Subject: Timor-Leste Local Media Monitoring Feb 6, 2004
Timor-Leste International and Local Media Monitoring Feb 6, 2004-02-06
TL still needs support from other nations
A Member of the National Parliament, Mariano Sabino, said that Timor-Leste as a new nation with an economy that is still weak, still needs the support from other nations to be able to develop, and help reduce poverty. He said that some countries are changing their views and may reduce their financial support.
Japan donated heavy equipment to Timor-Leste
The Vice-Minister for Foreign Affairs of the Japanese Government, Chiro Aisawa, has officially handed over heavy equipment to the Government of Timor-Leste. The hand over ceremony took place at the Government Palace with the signing note between Chiro Aisawa and Minister of Finance, Madalena Boavida. Prime-Minister Alkatiri, A/DSRSG The Japanese Ambassador in Timor-Leste, Sukehiro Hasegawa, and members of the National Parliament were also present at the event.
Farmers wants to establish coffee cooperatives
The District Administrator of Maubisse, Jose Mendonca, said that farmers in the District want to establish a coffee cooperative to help boost the economy and the development of Timor-Leste. He said that he hopes the Ministry of Agriculture will send a team to help the farmers set up the cooperative.
INAP conducts training for civil servants
A members of the National Institute for Public Administration (INAP), Zeferino dos Santos, said that training for public civil servants is to help develop their understanding, commitment and discipline in their work place. Mr dos Santos said that training will focus on ethics, management and administration.
Chair and tables stolen from schools in Maubisse
The head of the Education Department in Maubisse, Filomeno de Araujo, said that people have stolen chairs and tables from primary schools in Manetu, Manelobas and Suku Liurai. He said that he requested peoples' help to look for the stolen materials and return them to the schools.
Ambassador vowed closer ties
Wiranto, the former Indonesian military chief accused of crimes against humanity over the 1999 carnage in East Timor, says Australia's Ambassador to Jakarta had discussed "increasing co-operation" if he defeats President Megawati Soekarnoputri in July's presidential elections. Wiranto said that Indonesia's bloody occupation of East Timor had been a "catastrophe", but his role in the pre-independence violence had been misunderstood. Australia and East Timor would be the first countries he would visit as president, he said. An Australian embassy spokesman said that the ambassador, David Ritchie, had recently met Wiranto but had "certainly not" made any commitments. A Washington-based campaign adviser, who did not want to be named, said ordinary voters were more concerned with security, stability and jobs than human rights.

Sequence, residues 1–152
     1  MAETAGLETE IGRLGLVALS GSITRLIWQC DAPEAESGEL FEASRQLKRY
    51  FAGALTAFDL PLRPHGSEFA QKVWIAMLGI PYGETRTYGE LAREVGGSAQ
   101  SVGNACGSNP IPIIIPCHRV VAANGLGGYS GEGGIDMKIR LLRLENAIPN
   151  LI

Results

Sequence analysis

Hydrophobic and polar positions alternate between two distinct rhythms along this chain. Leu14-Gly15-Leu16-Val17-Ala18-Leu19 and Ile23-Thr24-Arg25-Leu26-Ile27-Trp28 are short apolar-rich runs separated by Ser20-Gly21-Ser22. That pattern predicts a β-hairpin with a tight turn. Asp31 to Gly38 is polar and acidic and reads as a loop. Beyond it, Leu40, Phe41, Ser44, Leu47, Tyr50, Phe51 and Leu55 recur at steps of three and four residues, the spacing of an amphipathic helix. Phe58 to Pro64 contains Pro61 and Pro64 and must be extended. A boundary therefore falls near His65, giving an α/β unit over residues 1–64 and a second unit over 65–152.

Inauguration of Maliana irrigation
The Prime Minister, Dr Mari Alkatiri, has inaugurated the irrigation system in Maliana developed by the RESPECT program. The Irrigation Development Project II is the implementation of Japanese Government Fund through UNDP. The project, costing US$88, 000, created employment for 500 local residents. The Japanese Ambassador for Timor-Leste Hideaki Asahi and Minister of Agriculture, Estanislau Aleixo da Silva, also attended the ceremony.
Illegal border crossing and destroyed rice field in Lolotoe
The Vice-Director of the National Police in the Sub-District of Lolotoe, Ismail da Costa Babo, said that the population have reported that 100 unidentified people from Atambua crossed the border and set a house on fire before destroying rice fields in the suco of Gilbadil. He said that according to the population and information he received, 6 military members of TNI were involved in the action armed with M16's. Mr Babo said that the TNI commanders at the border region have been informed and have assumed responsibility for the illegal group actions in Lolotoe.
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